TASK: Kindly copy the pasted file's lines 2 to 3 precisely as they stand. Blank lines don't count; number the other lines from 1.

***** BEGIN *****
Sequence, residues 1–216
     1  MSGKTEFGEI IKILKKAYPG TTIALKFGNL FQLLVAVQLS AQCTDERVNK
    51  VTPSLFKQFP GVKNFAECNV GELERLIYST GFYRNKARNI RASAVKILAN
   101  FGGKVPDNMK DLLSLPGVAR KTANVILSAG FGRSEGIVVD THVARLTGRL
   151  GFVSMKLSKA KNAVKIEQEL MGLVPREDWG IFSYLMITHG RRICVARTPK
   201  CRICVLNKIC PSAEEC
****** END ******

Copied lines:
     1  MSGKTEFGEI IKILKKAYPG TTIALKFGNL FQLLVAVQLS AQCTDERVNK
    51  VTPSLFKQFP GVKNFAECNV GELERLIYST GFYRNKARNI RASAVKILAN